Best supporting actor nominee Eddie Murphy in “Dreamgirls” goes against veteran Alan Arkin in well-liked “Miss Sunshine” and comeback kid Jackie Earle Haley in “Little Children.” Oscar likes veterans and comeback stories, so don’t count them out.
    “Dreamgirls'” Jennifer Hudson has as a rival the adorable 10-year-old Abigail Breslin for “Miss Sunshine,” and Oscars love adorable little girls. Some experts believe may be the big surprise may be Adriana Barraza for supporting actress in another well-liked movie “Babel.” Don’t count them out.
    Tight races and surprise winners are a good thing for the movie industry overall, too, said Oscar historian Robert Osborne, who has authored a series of dubbed “The Official History of the Academy Awards.”
    “I think it’s great in an Oscar year when you got really good movies…and they don’t make it for (nominations),” Osborne said. “When you got good movies that don’t make it, then when you win an Oscar, it really means something.”

Sundance — why it matters

January 30, 2007

A few days ago, someone commented to a post I wrote on the parties at Sundance, questioning whether anybody saw or cared about Sundance movies. It was the middle of the festival, and I didn’t have a chance to answer. Another responder did, however, point out this year’s best Oscar nominee “Little Miss Sunshine” was a Sundance 2005 film.

Whoa everybody! Best film race is wide open

January 29, 2007

 The sun shone brightly on “Little Miss Sunshine” in Hollywood’s Oscar race on Monday after the film’s cast won the Screen Actors Guild award for best ensemble. If last year’s SAG win by the cast of “Crash” is any indication, then “Sunshine,” takes the front runner position in the Oscar sweepstakes.

Last thoughts on Davos

January 27, 2007

I began this blog on Tuesday by saying that it had started snowing. The big issue for many of the less well-heeled among us — those without heavy duty limos and helicopters — is whether the snow that has built up all day will let us get home now that the World Economic Forum’s meeting is essentially over.IMG_2306.jpg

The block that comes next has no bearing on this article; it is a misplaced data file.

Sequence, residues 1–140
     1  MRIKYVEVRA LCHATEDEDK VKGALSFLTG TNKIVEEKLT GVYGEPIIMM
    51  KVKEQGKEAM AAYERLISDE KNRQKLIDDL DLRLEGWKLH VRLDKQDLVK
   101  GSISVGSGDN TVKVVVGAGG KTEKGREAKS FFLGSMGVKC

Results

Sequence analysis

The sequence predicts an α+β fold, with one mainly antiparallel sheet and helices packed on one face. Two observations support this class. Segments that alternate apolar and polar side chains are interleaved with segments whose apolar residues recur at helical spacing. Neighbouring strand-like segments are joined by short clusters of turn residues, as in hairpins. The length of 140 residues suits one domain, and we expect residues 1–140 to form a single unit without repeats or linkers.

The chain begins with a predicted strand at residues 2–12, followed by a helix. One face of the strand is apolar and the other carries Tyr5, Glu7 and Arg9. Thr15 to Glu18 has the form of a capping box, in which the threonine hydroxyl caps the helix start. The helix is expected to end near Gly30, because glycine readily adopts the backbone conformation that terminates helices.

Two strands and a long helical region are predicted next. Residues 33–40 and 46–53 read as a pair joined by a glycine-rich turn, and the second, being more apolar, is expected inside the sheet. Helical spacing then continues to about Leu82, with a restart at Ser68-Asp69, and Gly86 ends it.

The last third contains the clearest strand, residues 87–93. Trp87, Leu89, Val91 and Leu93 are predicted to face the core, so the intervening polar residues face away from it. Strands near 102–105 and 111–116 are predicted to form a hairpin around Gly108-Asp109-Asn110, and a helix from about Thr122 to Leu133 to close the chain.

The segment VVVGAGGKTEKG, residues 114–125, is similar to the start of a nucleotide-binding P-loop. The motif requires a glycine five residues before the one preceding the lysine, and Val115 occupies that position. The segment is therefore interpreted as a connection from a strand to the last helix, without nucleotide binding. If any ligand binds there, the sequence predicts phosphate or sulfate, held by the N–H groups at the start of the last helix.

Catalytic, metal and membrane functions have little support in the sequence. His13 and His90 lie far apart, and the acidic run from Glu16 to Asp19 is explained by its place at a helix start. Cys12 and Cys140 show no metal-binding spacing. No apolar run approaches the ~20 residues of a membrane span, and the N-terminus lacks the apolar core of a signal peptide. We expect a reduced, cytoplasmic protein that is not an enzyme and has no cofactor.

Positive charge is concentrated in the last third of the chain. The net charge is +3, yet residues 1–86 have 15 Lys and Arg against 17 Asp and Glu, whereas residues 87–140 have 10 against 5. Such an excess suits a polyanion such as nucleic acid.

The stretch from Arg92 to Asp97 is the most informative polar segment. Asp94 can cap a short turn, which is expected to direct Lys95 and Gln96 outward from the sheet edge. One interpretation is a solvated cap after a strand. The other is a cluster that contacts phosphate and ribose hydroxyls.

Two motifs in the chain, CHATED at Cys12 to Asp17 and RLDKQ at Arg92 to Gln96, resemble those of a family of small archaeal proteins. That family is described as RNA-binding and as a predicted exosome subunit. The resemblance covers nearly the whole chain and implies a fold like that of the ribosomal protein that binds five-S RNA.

Food for thought at Davos

January 27, 2007

davos1.jpgDavos is nothing if not international. So it seemed no big deal when lunch on Friday turned out to be a Saudi Arabian buffet. It was brought to us by people “proudly investing in the future of Saudia Arabia”. And very nice it was too.

Trading up at Davos

January 27, 2007

davos_formin.jpgWhat business wants business (often) gets. Many of the executives popping in and out of panel discussions in Davos this week have been pushing harder than usual for a resumption of the stalled Doha round of world trade talks. Abracadabra! A meeting of government ministers on the sidelines, to use the jargon, agreed to get the ball rolling again.

Seen and not heard at Davos?

January 27, 2007

My colleague Alex Smith writes: The WEF invites spouses of the great and the good to its annual meeting in Davos but they don’t usually get stuck into the nitty gritty of the sessions.

SAG awards: Mirren has odds on

January 27, 2007

On Sunday, the Screen Actors Guild presents its annual awards. Usually, the winners of the SAG awards go on to win Academy Awards. With this year’s Oscar nominations thrown into chaos after presumed front-runner “Dreamgirls” was left out of a Best Picture nomination, the SAGs gain special importance.